Sunday, June 25, 2017

Genius is...

You've probably heard that famous quote "genius is 1% inspiration, 99% perspiration," right? (More about that at Quote Investigator.) Well, here is a great take by the wonderful cartoonist Grant Snider on that classic quote; you can find out more about the cartoon at his blog. Yes, the numbers are made up (but hey, let's face it, a lot of numbers you see on infographics are not very reliable) — but the key thing here is that he shows you so many different ways to understand the sources of your own genius. Maybe you could make up a list of your own, showing your own take on just what it takes to be "a genius" at something.

Genius is...
1% inspiration
29% perspiration
5% improvisation
8% aspiration
7% contemplation
15% exploration
13% daily frustration
11% imitation
10.9 desperation
0.1% pure elation

Saturday, June 24, 2017

Curiosity breeds curiosity.

This quote comes from Aaron Davis's ReadWriteRespond blog, in a post about Daily Habits. These are some really nice thoughts here prompted by this question: What are the daily habits that you do as a learner? Here is the paragraph with the curiosity quote:
Another habit that I do every day is be actively open to interesting ideas. Curiosity breeds curiosity. In part I pick up some of this perspective from the blogs I read, but I think that it also comes from engaging in the world around. David Culberhouse describes this as spending time at the idea well. This might involve chatting with people at lunch or asking clarifying questions of others. I think that this is why I love professional development sessions and conferences so much. It isn’t always the intended learning opportunities, but the often ‘hidden’ incidental learning at the periphery.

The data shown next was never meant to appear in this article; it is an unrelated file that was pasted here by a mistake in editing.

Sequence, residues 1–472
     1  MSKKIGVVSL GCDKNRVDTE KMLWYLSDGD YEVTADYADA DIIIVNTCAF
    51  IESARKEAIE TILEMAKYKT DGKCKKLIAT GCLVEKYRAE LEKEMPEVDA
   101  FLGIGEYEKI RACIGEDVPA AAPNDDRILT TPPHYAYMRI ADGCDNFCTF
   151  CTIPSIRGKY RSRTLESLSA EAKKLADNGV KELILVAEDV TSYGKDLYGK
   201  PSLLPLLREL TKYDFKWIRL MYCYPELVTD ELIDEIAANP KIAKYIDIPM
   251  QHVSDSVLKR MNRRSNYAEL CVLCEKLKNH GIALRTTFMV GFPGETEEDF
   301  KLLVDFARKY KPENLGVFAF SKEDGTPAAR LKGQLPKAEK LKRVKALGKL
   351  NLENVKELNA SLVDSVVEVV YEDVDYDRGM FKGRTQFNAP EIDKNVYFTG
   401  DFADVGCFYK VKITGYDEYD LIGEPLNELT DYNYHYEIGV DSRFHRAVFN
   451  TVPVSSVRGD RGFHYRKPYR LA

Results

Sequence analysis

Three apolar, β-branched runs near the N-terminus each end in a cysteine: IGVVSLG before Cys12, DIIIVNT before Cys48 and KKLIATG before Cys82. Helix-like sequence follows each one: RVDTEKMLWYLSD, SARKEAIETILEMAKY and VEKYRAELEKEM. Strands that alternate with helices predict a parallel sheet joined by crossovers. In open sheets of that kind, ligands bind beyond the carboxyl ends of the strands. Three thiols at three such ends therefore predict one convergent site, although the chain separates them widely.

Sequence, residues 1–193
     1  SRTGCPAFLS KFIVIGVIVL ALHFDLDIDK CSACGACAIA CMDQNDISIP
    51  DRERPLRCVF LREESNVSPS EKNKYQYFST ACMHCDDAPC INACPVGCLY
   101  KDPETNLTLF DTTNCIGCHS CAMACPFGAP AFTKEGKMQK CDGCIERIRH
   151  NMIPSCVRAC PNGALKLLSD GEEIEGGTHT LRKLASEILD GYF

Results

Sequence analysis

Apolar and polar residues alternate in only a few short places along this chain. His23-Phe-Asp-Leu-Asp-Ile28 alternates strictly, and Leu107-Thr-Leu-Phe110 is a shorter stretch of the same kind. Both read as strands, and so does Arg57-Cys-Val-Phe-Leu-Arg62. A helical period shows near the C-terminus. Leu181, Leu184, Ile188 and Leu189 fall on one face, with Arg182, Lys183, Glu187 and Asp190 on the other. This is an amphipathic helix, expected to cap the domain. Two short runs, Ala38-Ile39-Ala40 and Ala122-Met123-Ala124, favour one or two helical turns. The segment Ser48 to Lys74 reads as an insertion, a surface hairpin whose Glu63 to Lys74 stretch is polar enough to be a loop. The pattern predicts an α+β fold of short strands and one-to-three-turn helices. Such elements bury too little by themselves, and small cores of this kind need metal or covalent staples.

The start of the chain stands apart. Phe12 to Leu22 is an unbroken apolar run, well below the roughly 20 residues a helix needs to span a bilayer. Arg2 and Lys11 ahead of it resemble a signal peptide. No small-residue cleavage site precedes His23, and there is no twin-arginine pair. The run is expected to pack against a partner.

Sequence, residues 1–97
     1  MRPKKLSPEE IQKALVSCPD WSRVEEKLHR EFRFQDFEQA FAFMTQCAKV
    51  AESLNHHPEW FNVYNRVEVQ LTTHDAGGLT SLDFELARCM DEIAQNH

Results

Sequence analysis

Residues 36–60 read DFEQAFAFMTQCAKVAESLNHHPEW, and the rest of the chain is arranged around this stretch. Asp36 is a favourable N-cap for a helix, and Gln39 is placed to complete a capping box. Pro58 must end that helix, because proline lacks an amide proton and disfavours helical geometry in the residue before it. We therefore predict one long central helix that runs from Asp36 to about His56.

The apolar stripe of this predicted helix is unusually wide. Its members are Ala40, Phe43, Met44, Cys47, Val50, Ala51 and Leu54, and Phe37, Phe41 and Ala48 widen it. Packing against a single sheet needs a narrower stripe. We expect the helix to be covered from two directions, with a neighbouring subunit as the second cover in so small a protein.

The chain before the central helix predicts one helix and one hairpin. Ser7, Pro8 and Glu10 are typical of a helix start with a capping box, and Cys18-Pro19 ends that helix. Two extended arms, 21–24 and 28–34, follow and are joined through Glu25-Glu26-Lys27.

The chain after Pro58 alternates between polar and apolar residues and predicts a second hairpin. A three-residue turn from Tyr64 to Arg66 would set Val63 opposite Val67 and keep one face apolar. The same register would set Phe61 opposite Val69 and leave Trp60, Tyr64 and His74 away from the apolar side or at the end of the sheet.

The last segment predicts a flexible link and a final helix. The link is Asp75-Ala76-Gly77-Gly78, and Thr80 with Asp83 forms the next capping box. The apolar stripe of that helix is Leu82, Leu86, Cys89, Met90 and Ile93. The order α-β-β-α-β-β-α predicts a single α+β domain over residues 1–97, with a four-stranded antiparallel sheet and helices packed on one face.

Curiosity breeds curiosity.

Wednesday, June 21, 2017

Mind, brain, and energy work together.

This quote is inspired by an interview in the London Guardian newspaper with Norman Doidge, who is one of the leading proponents of neuroplasticity: The man teaching us to change our minds. Here is an excerpt:
The thing is, there are no lights, colours, smells or sounds inside the brain. There are patterns of electrical information and our sense receptors, our retinas, the cochlea in the ear are, in energy terms, transducers. Meaning that what they do is translate one form of energy – sound, light, heat – into another. It is the latter – electrical patterns of energy in the brain – that in one way or another help or cause the brain to sculpt itself, neuroplastically. Somehow or other, thought itself can do that work. It became apparent that this link between mind, brain and energy really is central to who we are and what we do.

Mind, brain, and energy work together.

The beautiful cat is Mrs. Bean as photographed by Brad Esau; this one is from the album Bean in Hope (used here by permission). Brad's blog is where I have learned a lot about neuroplasticity, and he writes in this post about how important Doidge's work was for him: Credentials and Sources. And here are some more Mrs. Bean memes.